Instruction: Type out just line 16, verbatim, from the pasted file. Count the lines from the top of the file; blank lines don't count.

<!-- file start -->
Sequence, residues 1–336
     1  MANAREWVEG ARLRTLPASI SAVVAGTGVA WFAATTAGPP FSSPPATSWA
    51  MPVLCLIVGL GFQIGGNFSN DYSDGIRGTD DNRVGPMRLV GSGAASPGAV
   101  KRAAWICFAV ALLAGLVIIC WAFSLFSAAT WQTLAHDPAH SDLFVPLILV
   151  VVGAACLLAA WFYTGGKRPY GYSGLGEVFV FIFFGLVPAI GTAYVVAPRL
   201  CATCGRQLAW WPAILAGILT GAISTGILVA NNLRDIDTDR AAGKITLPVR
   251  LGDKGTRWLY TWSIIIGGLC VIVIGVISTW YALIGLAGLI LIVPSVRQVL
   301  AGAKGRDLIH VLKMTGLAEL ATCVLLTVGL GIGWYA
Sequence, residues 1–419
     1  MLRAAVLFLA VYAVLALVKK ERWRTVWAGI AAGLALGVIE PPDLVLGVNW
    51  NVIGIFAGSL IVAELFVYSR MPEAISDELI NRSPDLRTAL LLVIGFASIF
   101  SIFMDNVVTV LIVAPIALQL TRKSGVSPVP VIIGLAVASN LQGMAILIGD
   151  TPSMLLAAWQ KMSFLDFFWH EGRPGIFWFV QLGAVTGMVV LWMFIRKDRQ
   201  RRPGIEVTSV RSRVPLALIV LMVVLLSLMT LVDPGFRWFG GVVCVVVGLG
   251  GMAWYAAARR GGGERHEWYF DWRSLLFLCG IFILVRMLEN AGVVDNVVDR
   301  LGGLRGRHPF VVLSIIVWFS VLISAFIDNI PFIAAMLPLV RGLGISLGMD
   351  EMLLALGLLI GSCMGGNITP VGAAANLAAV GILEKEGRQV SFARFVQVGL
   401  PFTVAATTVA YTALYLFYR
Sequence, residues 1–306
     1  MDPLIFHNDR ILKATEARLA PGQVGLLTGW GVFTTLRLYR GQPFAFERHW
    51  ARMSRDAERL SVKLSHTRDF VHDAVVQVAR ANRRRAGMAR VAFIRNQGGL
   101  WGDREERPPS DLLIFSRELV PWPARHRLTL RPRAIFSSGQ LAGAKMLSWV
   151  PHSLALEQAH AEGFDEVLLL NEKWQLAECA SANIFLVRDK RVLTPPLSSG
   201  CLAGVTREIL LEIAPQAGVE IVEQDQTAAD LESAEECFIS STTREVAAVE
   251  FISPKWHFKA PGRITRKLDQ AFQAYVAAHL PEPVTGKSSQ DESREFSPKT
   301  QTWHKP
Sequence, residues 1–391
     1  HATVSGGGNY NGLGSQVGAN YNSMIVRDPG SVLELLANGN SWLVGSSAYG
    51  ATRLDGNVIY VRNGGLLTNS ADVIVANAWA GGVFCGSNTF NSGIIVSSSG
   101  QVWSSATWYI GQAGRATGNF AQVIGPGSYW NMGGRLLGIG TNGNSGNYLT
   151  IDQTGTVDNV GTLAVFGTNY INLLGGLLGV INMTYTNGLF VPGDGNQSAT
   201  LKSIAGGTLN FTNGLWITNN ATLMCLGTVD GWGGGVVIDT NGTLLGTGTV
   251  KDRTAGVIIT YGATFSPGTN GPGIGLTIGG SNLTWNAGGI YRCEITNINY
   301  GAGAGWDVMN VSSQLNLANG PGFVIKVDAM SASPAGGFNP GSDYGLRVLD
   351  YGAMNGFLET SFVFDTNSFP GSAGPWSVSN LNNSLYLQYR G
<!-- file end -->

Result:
   301  LGGLRGRHPF VVLSIIVWFS VLISAFIDNI PFIAAMLPLV RGLGISLGMD